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Grey Highlands History
Owned by: Grey Highlands Public Library
Sponsored by: Grey Highlands
Located: 101 Highland Drive, Flesherton, ON
The Barn Quilt displayed at the Grey Highlands Public Library celebrates our heritage and expresses features of our landscape and daily life. Quilt blocks often are “representational,” – that is to say, ideas quilters wish to convey through textile artistry, are expressed symbolically rather than as exact picture
images. Following is an explanation of the use of symbols in this quilt.
Looking at the quilt, four small blocks are placed within a larger block known as the “disappearing nine- patch.” At the bottom is a log cabin block with the traditional red square in the centre which represents the heart of the home – the kitchen with the cookstove. Log cabins represent housing, both primitive
At the top is a circular block. Note how the white spokes give the impression of a wheel. Wheels enable transportation and are used for farm and machine work. In Grey Highlands, we can’t go far without our wheels. The transportation and community development motifs are also expressed by the railway border that wraps the quilt. It reminds us of trains that transported passengers and cargo. It is also a symbolic reference to the “underground railway” that transported black slaves to freedom in Canada and enabled them to settle in rural communities.
In the right quadrant, a flying geese block represents wildlife. In Grey Highlands we see deer, coyotes, birds and butterflies.
The red triangles in this block are placed in windmill formation. Traditional windmills harnessed the wind to pump water from wells-primarily for livestock watering but sometimes for farm home water needs. We still see decaying windmills on our farmland.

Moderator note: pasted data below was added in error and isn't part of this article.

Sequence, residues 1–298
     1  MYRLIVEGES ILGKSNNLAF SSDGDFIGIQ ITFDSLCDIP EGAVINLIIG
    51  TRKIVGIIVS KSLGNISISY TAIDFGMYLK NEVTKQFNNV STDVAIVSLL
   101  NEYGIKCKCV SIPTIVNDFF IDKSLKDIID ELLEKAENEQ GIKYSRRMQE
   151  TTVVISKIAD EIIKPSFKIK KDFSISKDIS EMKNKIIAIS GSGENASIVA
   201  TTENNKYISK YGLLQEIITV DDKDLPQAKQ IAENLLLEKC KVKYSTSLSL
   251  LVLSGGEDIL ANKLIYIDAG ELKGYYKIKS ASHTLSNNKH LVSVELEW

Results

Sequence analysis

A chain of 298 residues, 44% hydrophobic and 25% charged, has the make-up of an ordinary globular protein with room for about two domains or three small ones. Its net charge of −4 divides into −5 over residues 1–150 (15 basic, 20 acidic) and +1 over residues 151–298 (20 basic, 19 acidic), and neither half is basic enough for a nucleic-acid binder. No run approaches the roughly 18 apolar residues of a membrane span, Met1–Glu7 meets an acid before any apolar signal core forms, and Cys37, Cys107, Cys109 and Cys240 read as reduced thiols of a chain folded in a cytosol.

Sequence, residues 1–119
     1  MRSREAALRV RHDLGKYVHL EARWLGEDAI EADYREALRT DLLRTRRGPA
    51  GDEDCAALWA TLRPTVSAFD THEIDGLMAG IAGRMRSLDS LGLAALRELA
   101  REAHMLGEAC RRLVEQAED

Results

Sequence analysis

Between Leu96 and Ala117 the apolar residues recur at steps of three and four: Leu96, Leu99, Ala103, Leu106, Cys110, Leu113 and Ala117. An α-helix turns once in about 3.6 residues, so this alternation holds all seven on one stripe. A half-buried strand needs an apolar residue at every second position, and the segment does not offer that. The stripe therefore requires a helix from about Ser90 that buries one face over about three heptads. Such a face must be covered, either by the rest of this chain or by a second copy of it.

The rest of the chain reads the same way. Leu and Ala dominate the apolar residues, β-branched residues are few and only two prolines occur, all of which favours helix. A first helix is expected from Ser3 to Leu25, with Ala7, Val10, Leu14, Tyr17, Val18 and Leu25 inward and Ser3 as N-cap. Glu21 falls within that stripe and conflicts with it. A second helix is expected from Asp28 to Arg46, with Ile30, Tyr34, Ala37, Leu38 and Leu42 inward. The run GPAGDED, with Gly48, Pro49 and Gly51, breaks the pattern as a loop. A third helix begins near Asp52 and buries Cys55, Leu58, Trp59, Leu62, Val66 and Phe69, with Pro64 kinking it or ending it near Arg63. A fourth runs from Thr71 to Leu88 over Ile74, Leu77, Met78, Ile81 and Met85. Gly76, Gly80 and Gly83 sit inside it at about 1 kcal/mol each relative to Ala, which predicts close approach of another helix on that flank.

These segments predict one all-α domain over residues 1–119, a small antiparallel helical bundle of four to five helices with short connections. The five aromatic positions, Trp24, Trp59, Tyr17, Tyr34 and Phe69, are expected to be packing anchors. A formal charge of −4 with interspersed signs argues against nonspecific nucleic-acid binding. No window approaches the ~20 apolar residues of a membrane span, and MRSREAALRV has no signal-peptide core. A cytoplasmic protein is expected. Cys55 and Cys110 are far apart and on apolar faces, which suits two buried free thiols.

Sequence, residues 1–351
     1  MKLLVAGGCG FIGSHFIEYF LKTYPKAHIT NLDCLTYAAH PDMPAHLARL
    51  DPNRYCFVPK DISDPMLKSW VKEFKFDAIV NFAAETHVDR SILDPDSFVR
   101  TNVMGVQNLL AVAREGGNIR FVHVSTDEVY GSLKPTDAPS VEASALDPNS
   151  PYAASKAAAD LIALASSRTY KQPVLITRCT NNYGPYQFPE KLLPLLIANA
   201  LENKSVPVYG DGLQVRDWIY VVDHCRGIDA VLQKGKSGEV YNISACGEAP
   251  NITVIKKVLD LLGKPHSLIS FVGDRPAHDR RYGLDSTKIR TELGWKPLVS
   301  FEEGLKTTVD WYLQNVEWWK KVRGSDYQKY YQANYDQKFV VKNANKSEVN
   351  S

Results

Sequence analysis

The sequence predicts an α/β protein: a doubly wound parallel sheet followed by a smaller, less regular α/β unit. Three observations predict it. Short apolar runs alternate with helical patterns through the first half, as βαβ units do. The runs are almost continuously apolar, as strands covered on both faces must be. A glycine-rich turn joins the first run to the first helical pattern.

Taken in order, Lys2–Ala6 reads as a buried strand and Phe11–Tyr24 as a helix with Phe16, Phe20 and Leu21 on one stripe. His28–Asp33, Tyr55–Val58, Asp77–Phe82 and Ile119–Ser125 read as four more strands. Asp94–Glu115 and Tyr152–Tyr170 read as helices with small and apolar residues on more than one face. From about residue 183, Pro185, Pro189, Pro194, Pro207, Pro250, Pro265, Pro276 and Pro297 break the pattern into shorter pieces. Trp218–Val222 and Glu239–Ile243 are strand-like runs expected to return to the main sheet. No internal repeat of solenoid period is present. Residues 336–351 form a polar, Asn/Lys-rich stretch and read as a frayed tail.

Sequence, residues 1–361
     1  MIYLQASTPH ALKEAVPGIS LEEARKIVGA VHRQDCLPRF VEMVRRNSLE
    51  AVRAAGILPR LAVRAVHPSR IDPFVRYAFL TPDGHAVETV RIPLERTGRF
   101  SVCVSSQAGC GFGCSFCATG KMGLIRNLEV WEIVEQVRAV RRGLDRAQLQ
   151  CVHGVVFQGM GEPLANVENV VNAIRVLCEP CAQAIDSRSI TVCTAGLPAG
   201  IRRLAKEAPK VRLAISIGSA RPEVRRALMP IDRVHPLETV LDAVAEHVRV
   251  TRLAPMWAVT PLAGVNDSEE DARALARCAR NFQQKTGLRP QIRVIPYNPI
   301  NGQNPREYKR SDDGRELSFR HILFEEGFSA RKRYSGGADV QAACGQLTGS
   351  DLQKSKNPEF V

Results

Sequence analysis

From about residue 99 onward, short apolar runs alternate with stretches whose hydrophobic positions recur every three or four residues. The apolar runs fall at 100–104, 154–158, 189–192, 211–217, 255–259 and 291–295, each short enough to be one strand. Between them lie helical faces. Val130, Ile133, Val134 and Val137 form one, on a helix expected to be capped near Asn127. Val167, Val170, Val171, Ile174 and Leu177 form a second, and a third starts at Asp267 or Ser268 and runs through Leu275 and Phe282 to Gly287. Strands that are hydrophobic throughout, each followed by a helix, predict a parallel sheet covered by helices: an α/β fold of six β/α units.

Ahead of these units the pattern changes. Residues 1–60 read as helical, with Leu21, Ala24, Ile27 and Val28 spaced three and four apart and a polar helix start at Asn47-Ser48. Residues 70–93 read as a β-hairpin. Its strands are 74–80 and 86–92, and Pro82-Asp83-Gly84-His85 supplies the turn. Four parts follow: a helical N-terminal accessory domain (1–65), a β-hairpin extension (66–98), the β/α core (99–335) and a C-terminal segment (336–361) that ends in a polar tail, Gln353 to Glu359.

The left block also contains flying geese triangles. The green and yellow colours symbolize agriculture. Crops spring up green and ripen to gold at harvest, representing seasons and time. In the centre of this block, the white and yellow triangles form an hourglass pattern which further develops the concept of time. Additionally, the green triangles can be viewed as arrowheads to acknowledge the first
people who lived here.
The brown around the small blocks represents a rail fence to acknowledge cedar split rail fences built by farmers and settlers. The three primary colours of red, yellow and blue balance visual impressions in art and the earthy colours of grey, green and brown develop the nature theme.
Creating the Barn Quilt for the Library was a definite quilting challenge: choosing colours and geometrical shapes and telling a story about Grey Highlands landscape, history and community in a visually pleasing, special and beautiful art quilt was an achievement! We expect that as the library barn quilt is recognized as a local landmark, it will be enjoyed for many years.
Special thanks to:
• Gayle Larmond, local quilter- for design expertise and pattern creation and for writing the Quilt Story
• Hiliary Breadner, For the Love of Grey Barn Quilt Trail, for consultation, design, construction and painting.
• Friends of the Flesherton Library- for design consultation and approval
• Wilda Allen, CEO/Chief Librarian for generating ideas to be expressed by the Barn Quilt and leading the barn quilt project to completion
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